These days in retirement, hardly anyone knows or cares that I hold a doctoral degree. About the only people who still call me “Doctor” are my former students, and I have tried to dissuade most of them of that affection. As you can see, however, issues of status and ego constantly gnaw at us. Colleges and universities bestow honorary doctorates on benefactors and names buildings after them; but I hardly ever see a benefactor use the title “doctor” based solely on an honorary degree. Yet in religious circles I constantly see the concern for status, titles of honor, and proper deference for the office held. All of this is background for the really important matter—what Jesus had to say about the title “Rabbi.”

Matthew is the only Gospel in which Jesus speaks with reference to the use of the title “Rabbi.” That teaching is recorded in Matthew 23:1-12, where the title “Rabbi” is used twice. The usage is in the midst of an extended passage of seven “woes” directed at the teachers of the law and the Pharisees. That should capture the attention of any teacher, any moralist, or any committed believer. The entire passage deserves our attention, but I want to focus on Matthew 23:6-8 (NASB):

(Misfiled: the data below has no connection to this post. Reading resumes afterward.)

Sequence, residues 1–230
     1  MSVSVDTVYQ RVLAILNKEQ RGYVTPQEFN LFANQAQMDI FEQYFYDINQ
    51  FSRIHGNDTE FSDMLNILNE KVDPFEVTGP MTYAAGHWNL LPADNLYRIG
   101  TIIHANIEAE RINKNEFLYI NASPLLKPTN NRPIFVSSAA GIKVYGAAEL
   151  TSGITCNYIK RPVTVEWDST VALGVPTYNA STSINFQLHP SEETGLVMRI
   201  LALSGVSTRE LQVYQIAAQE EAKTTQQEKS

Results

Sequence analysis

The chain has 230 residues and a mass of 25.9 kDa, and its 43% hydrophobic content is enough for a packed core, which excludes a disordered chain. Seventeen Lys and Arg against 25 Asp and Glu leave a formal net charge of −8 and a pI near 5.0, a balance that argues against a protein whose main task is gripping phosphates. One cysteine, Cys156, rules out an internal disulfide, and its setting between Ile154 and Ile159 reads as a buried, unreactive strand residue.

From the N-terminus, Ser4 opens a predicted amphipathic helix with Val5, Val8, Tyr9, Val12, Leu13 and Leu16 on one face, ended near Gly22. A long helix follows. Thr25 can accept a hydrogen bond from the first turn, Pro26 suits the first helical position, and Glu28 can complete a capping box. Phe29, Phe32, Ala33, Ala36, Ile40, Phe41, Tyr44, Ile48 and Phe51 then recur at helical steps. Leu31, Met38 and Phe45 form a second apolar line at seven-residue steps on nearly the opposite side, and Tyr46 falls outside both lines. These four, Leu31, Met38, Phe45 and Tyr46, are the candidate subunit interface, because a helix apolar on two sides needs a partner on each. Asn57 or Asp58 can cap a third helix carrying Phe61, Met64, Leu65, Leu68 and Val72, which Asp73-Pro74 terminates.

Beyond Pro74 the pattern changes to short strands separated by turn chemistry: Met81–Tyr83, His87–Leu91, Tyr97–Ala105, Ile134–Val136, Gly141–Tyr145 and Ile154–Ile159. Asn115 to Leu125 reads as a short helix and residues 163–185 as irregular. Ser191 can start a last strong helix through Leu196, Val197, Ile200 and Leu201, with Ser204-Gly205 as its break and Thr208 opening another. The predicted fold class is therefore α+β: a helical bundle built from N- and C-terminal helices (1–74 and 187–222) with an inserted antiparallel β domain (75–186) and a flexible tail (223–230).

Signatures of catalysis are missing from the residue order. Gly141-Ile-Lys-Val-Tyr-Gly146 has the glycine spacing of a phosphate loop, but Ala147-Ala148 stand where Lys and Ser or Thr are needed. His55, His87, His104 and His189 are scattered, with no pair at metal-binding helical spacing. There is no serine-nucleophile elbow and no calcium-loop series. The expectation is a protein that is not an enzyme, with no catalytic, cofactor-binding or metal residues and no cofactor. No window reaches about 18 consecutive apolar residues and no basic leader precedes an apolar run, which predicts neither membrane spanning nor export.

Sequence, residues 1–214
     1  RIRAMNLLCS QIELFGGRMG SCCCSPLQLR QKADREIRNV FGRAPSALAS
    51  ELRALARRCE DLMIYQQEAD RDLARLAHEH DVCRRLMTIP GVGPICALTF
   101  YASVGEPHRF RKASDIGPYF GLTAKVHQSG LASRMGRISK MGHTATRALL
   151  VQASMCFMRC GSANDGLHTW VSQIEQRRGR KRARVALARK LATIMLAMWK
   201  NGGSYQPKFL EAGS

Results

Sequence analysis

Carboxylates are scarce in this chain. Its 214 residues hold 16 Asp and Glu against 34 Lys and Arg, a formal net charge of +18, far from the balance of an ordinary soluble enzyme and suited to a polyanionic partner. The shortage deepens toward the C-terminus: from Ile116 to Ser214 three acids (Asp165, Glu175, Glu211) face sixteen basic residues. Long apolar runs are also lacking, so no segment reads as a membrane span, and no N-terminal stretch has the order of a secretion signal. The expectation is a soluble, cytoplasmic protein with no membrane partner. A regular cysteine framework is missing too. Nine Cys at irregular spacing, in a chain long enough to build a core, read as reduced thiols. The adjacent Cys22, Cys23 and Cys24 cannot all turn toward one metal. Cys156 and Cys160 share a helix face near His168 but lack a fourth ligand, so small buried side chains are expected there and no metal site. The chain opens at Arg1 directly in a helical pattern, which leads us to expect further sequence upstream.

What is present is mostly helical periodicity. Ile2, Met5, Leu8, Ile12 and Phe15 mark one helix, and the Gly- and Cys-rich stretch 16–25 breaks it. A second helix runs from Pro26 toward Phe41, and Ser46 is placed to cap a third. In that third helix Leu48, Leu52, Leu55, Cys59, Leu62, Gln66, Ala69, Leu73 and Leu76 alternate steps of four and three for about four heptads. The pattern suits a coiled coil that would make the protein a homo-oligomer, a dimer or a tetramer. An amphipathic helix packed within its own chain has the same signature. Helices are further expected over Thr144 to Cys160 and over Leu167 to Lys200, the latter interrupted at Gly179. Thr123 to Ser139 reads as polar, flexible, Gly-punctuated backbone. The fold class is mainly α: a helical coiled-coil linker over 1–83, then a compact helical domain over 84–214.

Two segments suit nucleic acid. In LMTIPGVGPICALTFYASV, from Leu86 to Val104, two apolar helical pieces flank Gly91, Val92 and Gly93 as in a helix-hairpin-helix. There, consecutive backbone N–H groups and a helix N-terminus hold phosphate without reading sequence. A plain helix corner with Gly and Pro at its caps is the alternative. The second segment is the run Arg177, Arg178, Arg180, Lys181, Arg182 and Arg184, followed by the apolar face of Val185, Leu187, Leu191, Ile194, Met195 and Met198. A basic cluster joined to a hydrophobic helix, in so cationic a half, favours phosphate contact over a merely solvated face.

“They [i.e., the scribes and Pharisees] love the place of honor at banquets and the chief seats in the synagogues, and respectful greetings in the market places, and being called Rabbi by men. But do not be called Rabbi; for One is your Teacher, and you are all brothers.”